Douglas Iris (Iris douglasiana) is a West Coast native iris found in the wild from Santa Barbara, California to Oregon. It favors heavy, rich, moist soil. Douglas iris's flower color can vary from dark purple to white. Its love of water and fertile soil allows this native plant to fit into most traditional landscapes well.
Douglas Iris can be planted as a border plant along a lawn or in a mixed bed of traditional garden perennials, because it benefits from the regular water, tilling and feeding that goes into a traditional flower garden.
Douglas iris can also be used very successfully in a drought-tolerant native garden. If you are planting it in a dry southern California garden, it will need added irrigation because of the lower rainfall so make sure to plant it with other plants that have similar water requirements. Some good choices are California Fuchsia and Gooseberry. It will need part or full shade in very hot inland climates. Plant it among the boulders along a dry creek bed or accenting a water feature. Douglas iris is great for those small, hard-to-fill beds around the house that are bordered by a sidewalk and a bit too shady for many plants. In this situation they work great with western columbine.
Douglas iris, as a native of the northern Pacific coast, can tolerate bad drainage and high moisture, but can also handle summer drought in areas with higher winter and spring rainfall. This makes it a good candidate for areas of the garden with drainage problems. It can even grow in areas of the yard where water pools in the winter.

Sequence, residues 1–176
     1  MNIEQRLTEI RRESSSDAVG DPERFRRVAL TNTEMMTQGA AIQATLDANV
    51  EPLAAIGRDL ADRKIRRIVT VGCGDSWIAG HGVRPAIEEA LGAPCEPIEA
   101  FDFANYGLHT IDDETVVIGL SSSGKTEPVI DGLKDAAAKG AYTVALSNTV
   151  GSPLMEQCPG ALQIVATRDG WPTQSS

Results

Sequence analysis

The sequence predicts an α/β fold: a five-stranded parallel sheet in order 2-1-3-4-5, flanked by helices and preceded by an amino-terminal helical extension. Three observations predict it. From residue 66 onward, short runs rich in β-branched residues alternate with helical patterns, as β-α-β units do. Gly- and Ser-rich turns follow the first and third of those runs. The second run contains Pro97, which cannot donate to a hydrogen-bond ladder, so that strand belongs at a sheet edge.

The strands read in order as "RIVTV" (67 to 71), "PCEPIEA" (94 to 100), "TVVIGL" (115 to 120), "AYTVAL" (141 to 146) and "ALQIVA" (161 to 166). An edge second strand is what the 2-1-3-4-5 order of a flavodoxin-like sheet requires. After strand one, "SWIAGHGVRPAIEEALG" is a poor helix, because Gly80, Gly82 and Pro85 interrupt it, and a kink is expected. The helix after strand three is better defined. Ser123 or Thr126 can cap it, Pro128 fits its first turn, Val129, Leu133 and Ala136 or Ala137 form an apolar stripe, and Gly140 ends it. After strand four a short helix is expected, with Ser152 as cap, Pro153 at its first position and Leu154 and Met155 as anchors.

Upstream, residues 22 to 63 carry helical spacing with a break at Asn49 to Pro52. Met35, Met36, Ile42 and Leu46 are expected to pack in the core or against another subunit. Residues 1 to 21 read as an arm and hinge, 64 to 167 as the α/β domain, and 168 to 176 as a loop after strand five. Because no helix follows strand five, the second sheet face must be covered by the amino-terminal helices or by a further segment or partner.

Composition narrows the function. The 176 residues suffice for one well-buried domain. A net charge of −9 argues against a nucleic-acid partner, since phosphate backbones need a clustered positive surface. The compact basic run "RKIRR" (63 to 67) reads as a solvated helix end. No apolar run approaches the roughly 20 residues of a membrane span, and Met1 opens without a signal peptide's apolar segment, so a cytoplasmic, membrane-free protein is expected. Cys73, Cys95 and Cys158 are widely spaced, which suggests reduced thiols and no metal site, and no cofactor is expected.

Douglas iris can be planted in a dryland garden with no irrigation. It needs about 25 inches of rainfall to make it on its own. In this situation, it can be planted under oaks with island alum root and hummingbird sage with great success. Use boulders to anchor it in the landscape and let leaf litter accumulate around it to encourage healthy soil and retain moisture. You can also mix in Miracle-Gro® Moisture Control® Garden Soil to help keep your soil moist.
Douglas iris goes dormant under stress. In cold winters and dry summers, it may seem to vanish. Don't panic; it isn't dead. This is a natural survival mechanism of the plant. As soon as the weather warms in spring or winter rains return, it will reemerge, healthy and happy as ever.
Photo courtesy of Penny Wilson. Article by Penny Wilson. Penny is garden writer who specializes in California native plants.